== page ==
Saturday, November 13, 2010

North Stoke miscellaneous



At one stage in my life my blog got deleted, and certain things I had written got lost, but not quite so, some I had printed. One such essay was about the area that lay under the village of North Stoke, the reason I had started the blog, old history still caught in old maps, churches and landscape.
Well something has been niggling over the last few days, stones lost, probably prehistoric in origin which had been used in all probability to provide hardcore for the road to Bitton from Bath years ago; they were there still in an old 1889 map of the area in the field called Mickle Mead, mickle stems from the Old Saxon word micel/micle meaning great. This particular meadow (mead) was adjacent to Holm Mead, another A/S word for water/ocean/sea (land arising from water). In this instance the meadow is adjacent to the river Avon.

The Boyd River, Bitton Barrow and Wick Burial Mound


This little river seems to have started in Dodington (Glos), and made its way across country encountering the M4 on the way, under which it got culverted, it then came through the villages of Hinton and Doynton till it reached the village of Wick and it then ran "in the exceptionally beautiful valley of the River Boyd, the rocks that line the sides of a deep nearly a mile in length, rising in some places to 200 feet, a bright sparkly substance found on these rocks is known locally as 'Bristol diamonds' taken from a 1914 source.
This now is Wick quarry, still being quarried and still an unspoilt 'glen' in some places. If you were to follow the river further on through the flat fields, the Wick Burial mound can be seen, two rather forlorn stones standing there; this burial mound is situated about a kilometre away from the river, and is near to the so-called 'Grandmother Rocks', perhaps marking the site of an old quarry or an outcrop of rocks that no longer exists.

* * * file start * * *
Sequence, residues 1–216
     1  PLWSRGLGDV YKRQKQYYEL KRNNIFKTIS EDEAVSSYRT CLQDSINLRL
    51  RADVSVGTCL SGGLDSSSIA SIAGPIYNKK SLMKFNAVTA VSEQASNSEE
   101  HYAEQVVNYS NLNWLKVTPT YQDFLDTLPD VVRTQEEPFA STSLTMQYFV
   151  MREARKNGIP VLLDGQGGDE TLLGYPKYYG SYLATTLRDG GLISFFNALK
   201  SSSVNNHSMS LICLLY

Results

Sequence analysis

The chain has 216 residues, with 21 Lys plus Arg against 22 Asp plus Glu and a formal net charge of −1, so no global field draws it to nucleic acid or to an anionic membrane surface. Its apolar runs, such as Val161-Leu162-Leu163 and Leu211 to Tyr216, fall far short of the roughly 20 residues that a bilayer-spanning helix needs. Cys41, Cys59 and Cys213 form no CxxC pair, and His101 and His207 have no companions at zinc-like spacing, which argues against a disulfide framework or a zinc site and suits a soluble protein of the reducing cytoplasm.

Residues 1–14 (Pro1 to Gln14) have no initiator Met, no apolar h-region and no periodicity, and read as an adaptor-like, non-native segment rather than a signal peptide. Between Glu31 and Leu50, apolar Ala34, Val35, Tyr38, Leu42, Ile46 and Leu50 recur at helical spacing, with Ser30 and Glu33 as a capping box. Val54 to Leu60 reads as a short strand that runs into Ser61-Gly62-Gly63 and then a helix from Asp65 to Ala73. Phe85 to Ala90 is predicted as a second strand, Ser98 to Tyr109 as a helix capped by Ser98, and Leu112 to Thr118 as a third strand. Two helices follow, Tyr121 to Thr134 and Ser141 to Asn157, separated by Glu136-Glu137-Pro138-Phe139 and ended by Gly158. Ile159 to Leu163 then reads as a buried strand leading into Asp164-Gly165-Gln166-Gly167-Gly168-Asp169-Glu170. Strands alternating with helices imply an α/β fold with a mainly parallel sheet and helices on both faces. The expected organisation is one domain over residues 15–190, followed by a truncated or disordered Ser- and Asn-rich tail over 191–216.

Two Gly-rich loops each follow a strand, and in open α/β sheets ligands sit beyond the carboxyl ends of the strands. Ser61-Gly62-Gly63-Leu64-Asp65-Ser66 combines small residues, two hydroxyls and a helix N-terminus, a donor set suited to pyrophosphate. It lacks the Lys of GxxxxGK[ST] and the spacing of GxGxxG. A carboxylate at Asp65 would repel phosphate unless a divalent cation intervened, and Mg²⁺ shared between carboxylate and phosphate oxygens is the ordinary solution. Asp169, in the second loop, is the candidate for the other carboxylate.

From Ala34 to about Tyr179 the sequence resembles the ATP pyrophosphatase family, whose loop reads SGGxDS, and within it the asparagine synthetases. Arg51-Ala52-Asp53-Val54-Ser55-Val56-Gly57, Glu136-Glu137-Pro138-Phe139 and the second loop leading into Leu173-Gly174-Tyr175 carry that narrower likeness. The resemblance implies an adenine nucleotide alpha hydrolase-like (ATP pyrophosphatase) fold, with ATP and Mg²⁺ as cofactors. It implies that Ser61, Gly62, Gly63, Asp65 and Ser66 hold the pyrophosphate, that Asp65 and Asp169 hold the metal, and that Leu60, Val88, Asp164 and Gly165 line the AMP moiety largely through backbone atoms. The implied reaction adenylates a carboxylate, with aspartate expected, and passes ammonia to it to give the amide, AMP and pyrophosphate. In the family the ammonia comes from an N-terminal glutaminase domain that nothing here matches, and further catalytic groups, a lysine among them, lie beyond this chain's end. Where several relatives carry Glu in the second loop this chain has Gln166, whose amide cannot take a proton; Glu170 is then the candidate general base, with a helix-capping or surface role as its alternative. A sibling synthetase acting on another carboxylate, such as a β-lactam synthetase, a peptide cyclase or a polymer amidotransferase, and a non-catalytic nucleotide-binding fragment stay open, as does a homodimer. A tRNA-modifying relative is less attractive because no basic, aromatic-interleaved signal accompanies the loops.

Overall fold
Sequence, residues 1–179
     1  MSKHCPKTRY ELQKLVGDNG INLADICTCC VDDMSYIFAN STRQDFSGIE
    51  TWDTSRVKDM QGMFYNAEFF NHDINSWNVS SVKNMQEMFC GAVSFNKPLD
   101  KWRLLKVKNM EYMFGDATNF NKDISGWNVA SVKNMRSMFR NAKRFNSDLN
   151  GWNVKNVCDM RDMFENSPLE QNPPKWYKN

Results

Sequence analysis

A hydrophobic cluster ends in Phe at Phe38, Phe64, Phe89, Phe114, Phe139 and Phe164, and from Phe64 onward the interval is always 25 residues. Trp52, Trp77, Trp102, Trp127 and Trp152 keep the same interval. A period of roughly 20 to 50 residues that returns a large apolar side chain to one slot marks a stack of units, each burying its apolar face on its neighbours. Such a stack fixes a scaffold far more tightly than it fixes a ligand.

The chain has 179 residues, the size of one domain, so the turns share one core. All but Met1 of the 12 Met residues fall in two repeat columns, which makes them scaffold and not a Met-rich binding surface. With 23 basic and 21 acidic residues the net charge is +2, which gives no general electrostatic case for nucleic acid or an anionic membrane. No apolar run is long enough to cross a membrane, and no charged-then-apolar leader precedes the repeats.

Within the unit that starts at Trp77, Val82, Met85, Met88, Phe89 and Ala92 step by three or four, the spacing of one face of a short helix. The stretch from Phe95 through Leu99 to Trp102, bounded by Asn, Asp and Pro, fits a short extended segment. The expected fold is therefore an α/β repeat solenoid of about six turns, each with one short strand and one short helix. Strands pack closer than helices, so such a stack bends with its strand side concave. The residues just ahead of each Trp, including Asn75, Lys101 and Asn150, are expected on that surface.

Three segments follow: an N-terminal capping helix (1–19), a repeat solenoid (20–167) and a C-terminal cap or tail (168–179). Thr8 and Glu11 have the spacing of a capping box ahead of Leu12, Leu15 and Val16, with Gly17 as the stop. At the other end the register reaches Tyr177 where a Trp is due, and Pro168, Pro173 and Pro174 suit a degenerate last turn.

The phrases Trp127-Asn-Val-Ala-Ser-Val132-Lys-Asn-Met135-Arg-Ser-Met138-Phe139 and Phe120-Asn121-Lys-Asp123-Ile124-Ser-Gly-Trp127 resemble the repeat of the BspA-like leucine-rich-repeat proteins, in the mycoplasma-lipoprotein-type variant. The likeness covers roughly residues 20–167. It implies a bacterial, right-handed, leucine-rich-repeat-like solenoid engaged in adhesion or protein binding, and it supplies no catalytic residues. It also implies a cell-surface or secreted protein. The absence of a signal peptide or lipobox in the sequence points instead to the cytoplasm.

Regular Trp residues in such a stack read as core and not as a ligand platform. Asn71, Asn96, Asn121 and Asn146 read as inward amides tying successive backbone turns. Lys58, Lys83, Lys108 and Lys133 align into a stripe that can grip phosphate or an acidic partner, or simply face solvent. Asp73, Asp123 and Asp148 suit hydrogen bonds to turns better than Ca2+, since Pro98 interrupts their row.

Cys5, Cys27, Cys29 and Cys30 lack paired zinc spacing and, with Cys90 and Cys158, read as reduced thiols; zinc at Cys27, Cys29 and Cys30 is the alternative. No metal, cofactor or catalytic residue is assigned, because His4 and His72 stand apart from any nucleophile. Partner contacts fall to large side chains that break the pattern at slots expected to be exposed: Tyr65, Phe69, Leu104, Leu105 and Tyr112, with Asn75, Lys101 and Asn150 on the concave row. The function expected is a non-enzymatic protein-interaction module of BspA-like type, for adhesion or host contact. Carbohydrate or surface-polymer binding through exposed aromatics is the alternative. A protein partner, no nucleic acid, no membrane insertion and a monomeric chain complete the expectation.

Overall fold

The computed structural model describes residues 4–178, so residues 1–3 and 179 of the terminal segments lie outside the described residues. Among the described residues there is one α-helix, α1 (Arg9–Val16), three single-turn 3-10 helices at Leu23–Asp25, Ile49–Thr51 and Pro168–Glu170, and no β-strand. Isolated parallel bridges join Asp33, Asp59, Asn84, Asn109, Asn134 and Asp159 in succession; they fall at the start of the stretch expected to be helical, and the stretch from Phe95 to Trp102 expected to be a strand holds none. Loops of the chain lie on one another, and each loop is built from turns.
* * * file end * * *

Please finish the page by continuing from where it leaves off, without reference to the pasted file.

And then of course the river empties out into the larger Avon, by the barrow at Bitton. If we have a confluence of rivers then we also have a confluence of history, for it is here at Bitton that an old roman road goes through (Via Julia) from Bath on its way to a roman port, and that the church of St.Mary in Bitton close to the road is supposedly sited on top of a Roman temple.
Lost Stones;
Things or at least an important part of its prehistoric history has got 'lost' at this barrow, stones for a start, they are there on a 19th century map, 7 in Holm Mead and 6 further along in Mickle Mead. In both fields on the map they trail the hedgerows, perhaps in Mickle Mead they curve down to the river. This is what makes this place something special in the past, the barrow is very close to the church, a site which has not only had a christian religion, but also a pagan roman temple, which maybe goes back to a native shrine, similar to the one at Bath - Aqua Sulis, or even the Silbury roman settlement.
http://www.themodernantiquarian.com/post/38003/bitton.html which shows the closeness of the Bitton barrow to the church of St.Mary...
The following photos are of St.Martins church at Northstoke, note the yews around the church and what is not shown in the photo the stream tumbling down on to the lane by the side of the steps. The second photo shows a 'hollow way' old road, that was probably a Roman road from Northstoke down to Bitton.




1 comment:

  1. Apparently Grandmothers rock refer's to a single stone below Hanging hill?

    I'm curious to find out if this is true, as it is been puzzling me for a while.

    Very much liked the info by the way!

    ReplyDelete